Guided by notions that art matters, that artists' voices are important in shaping society, and that public spaces are places or creative and free expression, Creative Time has been collaborating with thousands of artists to present the most innovative art in the public realm over the past four decades. This year, the collective has launched Pledges of Allegiance, a serialized commission of sixteen flags, each created by an acclaimed artist. Creating a place to resist, both practically and symbolically, each flag points to an issue the artist is passionate about and speaks to how we might move forward collectively. Conceived in response to the current political climate, the project has commissioned works by Tania Bruguera, Alex Da Corte, Jeremy Deller, LaToya Ruby Frazier, Ann Hamilton, Robert Longo, Josephine Meckseper, Marilyn Minter, Vik Muniz, Jayson Musson, Ahmet Ögüt, Yoko Ono, Trevor Paglen, Pedro Reyes, Rirkrit Tiravanija, and Nari Ward.
The project was officially launched on Flag Day, June 14th 2017, by raising the Resist Flag by Marilyn Minter on Creative Time’s headquarters – a flag that embodies art’s ability to channel political passion, raise awareness and unify. Each month, a new flag is being raised on a flagpole atop Creative Time’s headquarters, and at partner sites nationwide. At the moment, visitors can see Robert Longo’s Untitled (Dividing Time) at Creative Time’s headquarters as well as at nine more cultural institutions across the United States. Take a look at sixteen through-provoking flags commissioned by the project!
An American painter and sculptor, Robert Longo centers his practice on transposing images and the resulting transformation of meaning. His flag is based on his 2016 large-scale charcoal drawing, completed the day of the recent presidential election. Depicting the American flag on two panels separated by five inches, the flag reflects the current symptomatic divide in the country.
Robert Longo’s Untitled (Dividing Time) is on view at Creative Time Headquarters in New York, The Aldrich Contemporary Art Museum in Ridgefield, Brooklyn Museum in New York, 21C Museum Hotel Durham in Durham, University of South Florida Contemporary Art Museum in Tampa, Museum of Contemporary Art Detroit in Detroit, Kemper Art Museum at Washington University in St. Louis, RISD Museum in Providence, KMAC Museum in Louisville, and Cornell’s Herbert F. Johnson Museum of Art in Ithaca.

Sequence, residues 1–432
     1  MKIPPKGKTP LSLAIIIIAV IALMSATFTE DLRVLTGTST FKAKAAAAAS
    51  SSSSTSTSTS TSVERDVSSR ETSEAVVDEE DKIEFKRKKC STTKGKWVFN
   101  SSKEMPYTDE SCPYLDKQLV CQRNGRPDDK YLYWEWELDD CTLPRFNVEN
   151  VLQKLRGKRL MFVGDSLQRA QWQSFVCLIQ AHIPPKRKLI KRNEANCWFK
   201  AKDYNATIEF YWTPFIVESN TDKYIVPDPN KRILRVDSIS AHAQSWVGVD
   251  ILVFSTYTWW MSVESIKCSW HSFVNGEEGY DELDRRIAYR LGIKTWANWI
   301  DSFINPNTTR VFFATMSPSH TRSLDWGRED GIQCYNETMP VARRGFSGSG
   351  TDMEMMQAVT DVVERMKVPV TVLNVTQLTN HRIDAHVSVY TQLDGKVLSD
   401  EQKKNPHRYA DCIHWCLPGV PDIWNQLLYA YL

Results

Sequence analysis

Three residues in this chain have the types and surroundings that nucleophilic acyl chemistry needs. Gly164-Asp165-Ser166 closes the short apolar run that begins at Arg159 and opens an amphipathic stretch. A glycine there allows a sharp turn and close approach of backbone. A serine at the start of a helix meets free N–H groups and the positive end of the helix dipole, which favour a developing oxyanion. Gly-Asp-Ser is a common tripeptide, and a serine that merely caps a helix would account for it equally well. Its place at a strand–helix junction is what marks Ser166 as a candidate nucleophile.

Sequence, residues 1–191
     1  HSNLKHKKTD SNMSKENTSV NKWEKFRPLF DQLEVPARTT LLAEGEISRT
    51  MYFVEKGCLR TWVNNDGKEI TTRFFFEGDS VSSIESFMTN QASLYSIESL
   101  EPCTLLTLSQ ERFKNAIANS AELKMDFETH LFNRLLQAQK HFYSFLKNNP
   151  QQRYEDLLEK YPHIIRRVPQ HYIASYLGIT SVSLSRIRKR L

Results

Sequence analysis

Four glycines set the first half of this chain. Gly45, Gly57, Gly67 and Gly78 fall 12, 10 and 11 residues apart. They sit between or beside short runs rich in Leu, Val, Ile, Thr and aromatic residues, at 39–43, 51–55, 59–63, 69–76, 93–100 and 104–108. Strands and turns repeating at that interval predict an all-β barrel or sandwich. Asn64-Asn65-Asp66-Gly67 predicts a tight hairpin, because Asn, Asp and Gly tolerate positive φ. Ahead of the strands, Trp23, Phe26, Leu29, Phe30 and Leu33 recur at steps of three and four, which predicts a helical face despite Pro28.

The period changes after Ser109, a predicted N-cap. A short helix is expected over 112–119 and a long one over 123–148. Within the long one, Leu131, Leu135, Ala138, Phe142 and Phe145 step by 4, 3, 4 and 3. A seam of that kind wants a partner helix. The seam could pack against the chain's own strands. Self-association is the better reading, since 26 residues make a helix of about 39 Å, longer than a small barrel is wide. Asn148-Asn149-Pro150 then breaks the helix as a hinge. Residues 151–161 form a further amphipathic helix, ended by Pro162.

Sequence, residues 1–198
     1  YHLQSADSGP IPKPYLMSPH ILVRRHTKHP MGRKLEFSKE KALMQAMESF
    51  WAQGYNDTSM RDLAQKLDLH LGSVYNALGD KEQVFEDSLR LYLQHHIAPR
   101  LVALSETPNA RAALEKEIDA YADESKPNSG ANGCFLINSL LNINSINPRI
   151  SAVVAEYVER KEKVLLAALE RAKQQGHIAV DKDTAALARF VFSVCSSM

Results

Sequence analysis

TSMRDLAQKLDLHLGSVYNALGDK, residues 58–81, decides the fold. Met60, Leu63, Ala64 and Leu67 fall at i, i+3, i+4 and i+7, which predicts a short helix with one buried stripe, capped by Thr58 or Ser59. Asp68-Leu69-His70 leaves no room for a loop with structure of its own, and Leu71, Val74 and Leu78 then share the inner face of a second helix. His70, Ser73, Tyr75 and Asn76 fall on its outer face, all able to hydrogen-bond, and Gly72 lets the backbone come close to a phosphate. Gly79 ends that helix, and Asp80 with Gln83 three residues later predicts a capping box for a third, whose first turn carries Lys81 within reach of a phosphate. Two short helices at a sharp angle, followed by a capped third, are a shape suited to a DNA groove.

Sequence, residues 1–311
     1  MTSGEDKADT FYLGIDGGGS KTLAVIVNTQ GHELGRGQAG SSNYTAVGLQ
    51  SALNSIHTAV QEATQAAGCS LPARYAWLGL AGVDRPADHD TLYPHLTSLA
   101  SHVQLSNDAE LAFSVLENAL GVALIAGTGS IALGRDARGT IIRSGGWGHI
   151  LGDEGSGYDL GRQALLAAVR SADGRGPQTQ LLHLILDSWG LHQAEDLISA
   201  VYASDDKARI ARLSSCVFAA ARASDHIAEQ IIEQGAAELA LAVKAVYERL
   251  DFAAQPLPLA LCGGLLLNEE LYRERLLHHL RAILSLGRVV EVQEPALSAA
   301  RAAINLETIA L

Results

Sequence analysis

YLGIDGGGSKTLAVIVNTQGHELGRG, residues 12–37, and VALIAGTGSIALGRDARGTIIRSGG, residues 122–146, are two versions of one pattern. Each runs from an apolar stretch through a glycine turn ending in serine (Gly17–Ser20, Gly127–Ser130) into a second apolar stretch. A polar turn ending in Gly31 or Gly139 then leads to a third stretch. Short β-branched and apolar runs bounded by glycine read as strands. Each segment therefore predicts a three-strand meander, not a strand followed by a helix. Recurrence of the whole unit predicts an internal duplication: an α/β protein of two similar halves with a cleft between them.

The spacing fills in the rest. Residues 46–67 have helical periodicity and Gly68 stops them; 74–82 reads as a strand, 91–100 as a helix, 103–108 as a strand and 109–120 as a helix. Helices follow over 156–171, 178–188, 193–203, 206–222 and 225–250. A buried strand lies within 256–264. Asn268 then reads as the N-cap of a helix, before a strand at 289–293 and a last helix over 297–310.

A Cuban installation and performance artist, Tania Bruguera questions the possibility of political representation and attempts to collapse the distance between art and life. With her flag design, she envisions a global cartographic context that is more just and fluid, where all people have dignity, regardless of their nationality.
A rising star on the international art scene, Alex Da Corte works with objects and materials detached from their original function, giving then new potential both symbolically and formally. His flag is a replica of a drawing made by Ree Morton for a 1970s art project. This flag celebrates Ree and all of the friend families we form.
Throughout his practice, Jeremy Deller has been initiating a dialogue between cultures, people, past, present and future. Weaving together high and low, popular and rarefied, his political and thought-provoking work encourages people to stay engaged. At the same time, he provides a humorous and positive outlook.
Spanning a range of media, the practice of LaToya Ruby Frazier focuses on social justice, cultural change and commentary on the American experience. With her flag, Frazier asks for justice for communities in Flint, Michigan who have been thriving in the midst of the water crisis. The number 1,105 is the exact number of days the residents have spent without new water pipes after one of the worst man-made environmental catastrophes in recent national memory.
Throughout her practice, Ann Hamilton has been using methods that serve as an invocation of place, of collective voice, of communities past and of labor present. Using imagery drawn from ABC books particularly meant for early childhood education, she explores the potential made possible through our own mutual cooperation. Possibly holding a piece of the sky, these birds remind us that we must work together.